Until I ensure that the rest of the works he provided to me are his originals (most of them are in a style similar to that one, but not nearly as clean and refined) he is removed from the project. Fortunately he was working for free, so aside for a little bit of lost rep (I'll probably get it back next time I get bored and wander over to the beginner's forum, anyway) and some rude and undeserving comments from someone who clearly didn't read the OP, no harm is done.
Looking for paid or open-source C++ programming work. Been programming since 2005. No degree.

#11 Hardcharger   Members   -  Reputation: 151

Posted 25 April 2011 - 03:42 PM

I am currently employed and unable to assist you; but, I'm curious as to why you chose to develop your server with C#. I don't disagree with your decision, but I'd like to compare your rationale with mine (my company is developing an online [not MMO] game and I'm leading the server side development).

#12 nfries88   Members   -  Reputation: 259

Posted 25 April 2011 - 04:43 PM

I am currently employed and unable to assist you; but, I'm curious as to why you chose to develop your server with C#. I don't disagree with your decision, but I'd like to compare your rationale with mine (my company is developing an online [not MMO] game and I'm leading the server side development).


I'm not completely sure about Mono or dotGnu, but .NET features a wonderful compacting garbage collector that is very useful for programs that are meant to run for considerable lengths of time (weeks or even months). Basically it just moves memory around seamlessly to ensure that your program has the fewest allocated pages possible to hold the memory required (not counting the wiggle-room silently given by the OS, of course). This is extremely useful in cases where your program will run 24/7 but will have notably different memory requirements for certain times of the day, and also just for when your program is going to run for very long periods of time. Plus the GC means no need to manage memory, which simplifies some cases considerably without somewhat awkward workarounds like boost::enable_shared_from_this.

The framework library also provides a fairly straight forward API out-of-the-box for asynchronous network I/O (System.Net.Sockets.Socket.BeginRead/BeginWrite) and asynchronous task execution (System.Threading.Tasks.Task). There are also well-maintained MySQL client bindings to C# (Connector/NET), although using this really offers nothing over mysqlclient or mysql++.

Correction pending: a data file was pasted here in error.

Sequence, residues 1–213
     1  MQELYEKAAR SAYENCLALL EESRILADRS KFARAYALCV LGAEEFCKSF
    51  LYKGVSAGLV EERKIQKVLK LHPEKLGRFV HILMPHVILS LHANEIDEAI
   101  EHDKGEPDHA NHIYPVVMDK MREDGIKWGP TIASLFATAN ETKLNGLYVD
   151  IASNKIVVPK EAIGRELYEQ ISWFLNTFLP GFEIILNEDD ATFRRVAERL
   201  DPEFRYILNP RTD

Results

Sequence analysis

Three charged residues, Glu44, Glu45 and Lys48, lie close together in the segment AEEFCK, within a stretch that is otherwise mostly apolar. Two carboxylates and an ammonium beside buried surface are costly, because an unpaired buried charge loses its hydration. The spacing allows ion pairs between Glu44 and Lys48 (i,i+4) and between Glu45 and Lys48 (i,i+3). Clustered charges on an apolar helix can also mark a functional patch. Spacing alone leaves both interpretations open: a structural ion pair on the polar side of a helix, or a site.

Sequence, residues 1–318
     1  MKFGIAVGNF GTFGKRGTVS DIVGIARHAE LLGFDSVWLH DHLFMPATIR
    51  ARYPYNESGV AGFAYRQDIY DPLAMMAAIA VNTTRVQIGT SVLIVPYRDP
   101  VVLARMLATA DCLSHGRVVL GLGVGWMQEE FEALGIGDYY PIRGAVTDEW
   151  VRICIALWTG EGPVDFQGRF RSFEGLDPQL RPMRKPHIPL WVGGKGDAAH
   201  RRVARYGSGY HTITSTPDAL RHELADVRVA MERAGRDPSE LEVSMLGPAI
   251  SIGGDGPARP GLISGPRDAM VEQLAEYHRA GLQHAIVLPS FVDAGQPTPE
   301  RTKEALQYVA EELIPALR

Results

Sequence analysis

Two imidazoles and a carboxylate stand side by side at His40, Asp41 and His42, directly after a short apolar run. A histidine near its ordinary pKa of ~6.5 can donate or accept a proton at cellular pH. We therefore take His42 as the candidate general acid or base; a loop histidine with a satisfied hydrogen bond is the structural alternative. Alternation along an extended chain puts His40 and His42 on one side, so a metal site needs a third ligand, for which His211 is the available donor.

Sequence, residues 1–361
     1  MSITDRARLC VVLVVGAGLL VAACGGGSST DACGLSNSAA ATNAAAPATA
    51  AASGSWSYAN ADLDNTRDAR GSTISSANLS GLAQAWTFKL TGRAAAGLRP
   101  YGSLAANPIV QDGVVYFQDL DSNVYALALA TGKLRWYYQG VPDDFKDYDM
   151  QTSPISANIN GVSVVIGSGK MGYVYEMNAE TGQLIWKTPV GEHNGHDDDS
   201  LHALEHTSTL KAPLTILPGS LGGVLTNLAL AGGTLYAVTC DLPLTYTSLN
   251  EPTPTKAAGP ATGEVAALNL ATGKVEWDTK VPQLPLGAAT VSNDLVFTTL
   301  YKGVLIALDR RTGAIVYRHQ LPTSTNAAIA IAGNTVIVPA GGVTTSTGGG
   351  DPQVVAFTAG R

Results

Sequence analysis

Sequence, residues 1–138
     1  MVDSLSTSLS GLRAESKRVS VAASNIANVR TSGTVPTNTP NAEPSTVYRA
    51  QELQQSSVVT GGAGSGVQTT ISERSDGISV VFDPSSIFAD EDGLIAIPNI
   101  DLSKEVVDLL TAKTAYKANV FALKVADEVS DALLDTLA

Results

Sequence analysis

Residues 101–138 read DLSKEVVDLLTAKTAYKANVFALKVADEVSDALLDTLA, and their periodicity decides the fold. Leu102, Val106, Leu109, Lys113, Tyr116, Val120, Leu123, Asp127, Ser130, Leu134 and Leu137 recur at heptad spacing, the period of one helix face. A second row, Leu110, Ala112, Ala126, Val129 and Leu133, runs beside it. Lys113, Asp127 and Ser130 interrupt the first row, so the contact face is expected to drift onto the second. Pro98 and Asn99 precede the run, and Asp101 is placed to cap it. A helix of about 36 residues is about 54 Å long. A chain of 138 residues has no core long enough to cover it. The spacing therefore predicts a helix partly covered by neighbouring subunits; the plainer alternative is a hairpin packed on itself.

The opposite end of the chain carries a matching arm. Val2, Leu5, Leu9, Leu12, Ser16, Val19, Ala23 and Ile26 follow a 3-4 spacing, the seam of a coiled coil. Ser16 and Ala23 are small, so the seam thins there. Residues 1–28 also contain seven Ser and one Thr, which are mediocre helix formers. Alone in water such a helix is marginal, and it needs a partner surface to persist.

CLR is a bastard child of the "stupid new way of programming" (excessive use of exceptions, GC'd languages, etc) and the "smart new way of programming" (asynchronous I/O, extreme concurrency, threadpooling, etc). By new, I mean post-1980s pretty much. You take alot of the bad, but in cases like this the good outweighs it.

As for why I'm not using C# for the client even though I'm using it for the server, it's pretty much for the reason above. The client doesn't get the advantages of C# (at least not in the full effect that the server would), but still gets all of the downsides (exceptions for damn near everything, occasionally clunky semantics, no low-level memory access without interfacing with C/C++ through managed C++). Really, I would only recommend C# for making a server intending to handle a high number of active connections. Any other times, it provides nothing over C++ unless you're a fan of the "stupid new way". Much like Java in that regard, except C# generally performs better (through .NET at least).
Looking for paid or open-source C++ programming work. Been programming since 2005. No degree.

#13 Hardcharger   Members   -  Reputation: 151

Posted 25 April 2011 - 04:55 PM

That's a solid reasoning. It matched my assumption and then some.


Best of luck to you guys!

P.S. Not sure how far along your server architecture is, but Raknet recently released version 4 with C# support. Not that big of a deal, but I thought I'd throw that out there.



#14 nfries88   Members   -  Reputation: 259

Posted 25 April 2011 - 05:12 PM

That's a solid reasoning. It matched my assumption and then some.